9 Tips To Take Better Photos On Your Smartphone

9 Tips To Take Better Photos On Your Smartphone

Full time influencers have perfected the art of taking professional standard photos on their phones. But whether it’s making the most of lighting or the different camera modes, there are ways to improve your images simply by using your phone’s in-built technology. Next time you’re taking a picture, here’s what you might want to consider…


Light is one of the most important factors in any photo, and using natural light will mean you don't have to resort to your phone's built-in flash. Where possible, ensure your subjects are well-lit from the front and not silhouetted by a strong light – or in this case sunlight – from behind. If you’re indoors, try to set up your shot so there's light falling on your subject. That’s not to say artificial light can’t work too, but it’s likely you’ll need to take more care. Using the flash can help, but it’s always worth trying one shot with and one without to see what difference it makes. It’s worth bearing in mind that smartphones have very bright lenses, but their sensors are much smaller than those found in premium compact cameras, so they’re less likely to take good pictures in dim lighting.


Considered one of the most basic manual adjustments you can make, exposure refers to the amount of light allowed into the frame. Focus will sharpen the overall view, with most camera phones programmed to automatically focus on the foreground unless told otherwise. Although both of these elements can be adjusted with photo editing software later down the line, it’s worth using your phone’s manual settings to get the best shot right off the bat. In the iPhone camera app, tap once to focus and bring up the confirmation box, then hold and drag the sun icon to adjust the exposure. You’ll notice the image brightens or darkens, accordingly. In the camera app for stock Android, tap once for focus, then adjust the exposure via the slider that pops up at the side or top of the screen.


HDR, or High Dynamic Range, is now a staple feature on most smartphone camera apps and is often used to bring detail out of the darkest and lightest parts of an image and create a better balance of colours.. Particularly good for landscapes and portrait shots, you’ll notice it does take a few milliseconds longer to take a snap as a result, so try not to use it on fast-moving subjects or when you can't keep your phone steady. Simply open Settings > Camera, then scroll down until you see the HDR (High Dynamic Range) section. In here there are two options: Auto HDR, and Keep Normal Photo. The Auto HDR option will be turned on, but if you swipe to turn it off, the HDR button will then reappear in the camera app, allowing you to turn it on and off manually each time you come to capture an image.


Adding grid lines in your phone's camera app won’t just help keep the horizon straight – it can help you apply some basic photography principles like the rule of thirds. You’ll see your image split into nine equal blocks that form a three-by-three grid. Aim to get the most interesting parts of your image near the corners of these segments, where the imaginary gridlines meet. On the stock Android camera app, you'll see the grid icon at the edge of the screen, while in iOS the grid option is under Photos & Camera in Settings.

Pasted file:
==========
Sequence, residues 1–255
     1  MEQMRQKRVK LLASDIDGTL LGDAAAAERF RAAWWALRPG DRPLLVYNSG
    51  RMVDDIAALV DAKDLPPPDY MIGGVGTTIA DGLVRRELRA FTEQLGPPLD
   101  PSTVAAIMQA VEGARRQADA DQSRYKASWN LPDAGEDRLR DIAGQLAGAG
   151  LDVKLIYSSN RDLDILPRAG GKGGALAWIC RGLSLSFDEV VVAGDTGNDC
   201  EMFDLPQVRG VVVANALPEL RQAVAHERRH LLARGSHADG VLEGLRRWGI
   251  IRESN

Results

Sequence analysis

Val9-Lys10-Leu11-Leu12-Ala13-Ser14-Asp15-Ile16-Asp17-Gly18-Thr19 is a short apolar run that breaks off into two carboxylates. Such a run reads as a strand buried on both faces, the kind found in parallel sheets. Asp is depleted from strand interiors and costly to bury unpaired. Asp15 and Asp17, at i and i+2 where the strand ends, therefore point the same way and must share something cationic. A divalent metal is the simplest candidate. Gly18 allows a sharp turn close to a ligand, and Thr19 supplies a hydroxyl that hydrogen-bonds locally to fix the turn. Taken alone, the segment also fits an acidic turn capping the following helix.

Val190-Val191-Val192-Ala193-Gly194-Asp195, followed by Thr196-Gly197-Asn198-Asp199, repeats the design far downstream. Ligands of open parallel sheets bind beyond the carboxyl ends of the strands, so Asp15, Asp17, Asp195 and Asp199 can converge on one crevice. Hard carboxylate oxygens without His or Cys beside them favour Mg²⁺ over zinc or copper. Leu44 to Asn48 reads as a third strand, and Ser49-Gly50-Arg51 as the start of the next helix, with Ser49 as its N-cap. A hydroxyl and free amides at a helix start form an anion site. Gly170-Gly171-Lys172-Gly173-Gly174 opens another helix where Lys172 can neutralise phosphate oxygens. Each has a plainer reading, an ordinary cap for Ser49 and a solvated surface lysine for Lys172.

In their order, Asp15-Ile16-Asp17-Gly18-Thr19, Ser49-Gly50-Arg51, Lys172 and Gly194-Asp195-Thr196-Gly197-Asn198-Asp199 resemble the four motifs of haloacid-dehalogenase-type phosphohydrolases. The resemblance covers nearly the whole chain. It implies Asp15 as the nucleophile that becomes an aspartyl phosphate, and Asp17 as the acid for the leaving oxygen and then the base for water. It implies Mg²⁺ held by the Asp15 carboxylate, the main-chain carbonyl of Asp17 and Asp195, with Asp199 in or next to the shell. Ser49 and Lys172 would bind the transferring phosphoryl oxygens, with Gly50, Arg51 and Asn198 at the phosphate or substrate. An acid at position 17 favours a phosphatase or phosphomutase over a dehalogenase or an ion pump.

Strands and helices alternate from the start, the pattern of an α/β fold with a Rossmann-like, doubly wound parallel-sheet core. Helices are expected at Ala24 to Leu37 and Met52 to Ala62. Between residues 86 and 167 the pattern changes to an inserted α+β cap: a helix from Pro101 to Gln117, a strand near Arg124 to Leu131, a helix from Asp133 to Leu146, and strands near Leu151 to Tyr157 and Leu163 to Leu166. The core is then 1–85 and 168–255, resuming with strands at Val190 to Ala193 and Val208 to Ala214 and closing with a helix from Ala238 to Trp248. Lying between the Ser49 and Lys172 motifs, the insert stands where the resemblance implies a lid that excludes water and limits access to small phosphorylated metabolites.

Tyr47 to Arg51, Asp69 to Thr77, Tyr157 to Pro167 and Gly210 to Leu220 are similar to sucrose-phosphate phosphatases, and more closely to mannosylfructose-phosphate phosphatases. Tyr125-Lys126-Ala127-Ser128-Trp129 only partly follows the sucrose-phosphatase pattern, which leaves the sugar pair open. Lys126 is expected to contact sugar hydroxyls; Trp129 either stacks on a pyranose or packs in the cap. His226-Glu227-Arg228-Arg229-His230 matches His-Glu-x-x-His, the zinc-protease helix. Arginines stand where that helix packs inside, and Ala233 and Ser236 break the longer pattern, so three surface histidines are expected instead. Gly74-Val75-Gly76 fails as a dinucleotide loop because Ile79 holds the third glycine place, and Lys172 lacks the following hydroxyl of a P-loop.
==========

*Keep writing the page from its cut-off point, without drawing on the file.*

Most phones now come with a built-in burst mode, which allows you to take multiple photos back to back, giving you plenty of options from which to choose. On both iOS and Android, activate this feature by holding down the shutter button in Photo modem or head to the camera settings to make changes to how burst mode works. iPhone owners should also check out Live Photos, which mixes still images and video together to create a truly unique composition.


If you're on iOS, the iPhone camera comes with a selection of in-built filters – simply tap the icon in the top-right corner to see them and choose which effect suits your composition best. Portrait mode will also add an instant depth-of-field effect (where the subject remains sharp but the background is blurred), while the stock Google camera app has a lighting filter available via the thermometer icon. You can choose from pre-sets including cloudy and tungsten, so the colours look right regardless of the amount of natural light you’re working with.


The term ‘negative space’ refers to the areas around and between the subjects of an image which are empty or free from colour or distraction – think a large expanse of open sky, an empty field, or a large wall. Having a lot of empty space in a photo will help your subject stand out more and evoke a stronger reaction from your viewer. Taking photos from an unexpected angle can also make them more memorable. Try taking a photo directly upward and playing with the sky as negative space, or from a slight downward angle, using the ground or pavement as your backdrop.


When it comes to building an appealing composition, paying close attention to your detailed surroundings counts. Whether it’s symmetry, leading lines or just repetitive patterns and reflections, all will help frame or make an image more coherent – not to mention easy on the eye. Leading lines – whether it be architectural details, woodland footpaths or fences – all create a sense of depth in an image. You’ll know you’ve created a perfectly symmetrical image if it can be divided into two equal parts that are mirror images of each other.


Some newer phone models offer dual rear cameras, with the second lens capturing a tighter or wider angle of view than your phone's main eye, while older models just offer one. A quality add-on lens will cost you, although experts agree a macro lens adds the most versatility to your phone's existing camera. Depending on the effect you’re after, you may prefer an ultra-wide, fish-eye, or a telephoto conversion lens. 

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